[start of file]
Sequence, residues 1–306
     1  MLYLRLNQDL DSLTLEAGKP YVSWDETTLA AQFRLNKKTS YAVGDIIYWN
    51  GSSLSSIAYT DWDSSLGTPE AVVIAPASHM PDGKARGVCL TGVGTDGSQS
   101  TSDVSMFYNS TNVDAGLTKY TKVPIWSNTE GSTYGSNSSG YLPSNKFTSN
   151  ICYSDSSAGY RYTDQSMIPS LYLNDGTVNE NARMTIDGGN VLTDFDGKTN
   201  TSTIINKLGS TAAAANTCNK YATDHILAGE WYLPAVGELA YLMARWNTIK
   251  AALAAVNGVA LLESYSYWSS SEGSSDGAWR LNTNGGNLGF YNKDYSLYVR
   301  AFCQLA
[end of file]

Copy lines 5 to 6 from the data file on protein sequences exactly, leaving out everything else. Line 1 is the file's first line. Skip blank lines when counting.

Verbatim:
   151  ICYSDSSAGY RYTDQSMIPS LYLNDGTVNE NARMTIDGGN VLTDFDGKTN
   201  TSTIINKLGS TAAAANTCNK YATDHILAGE WYLPAVGELA YLMARWNTIK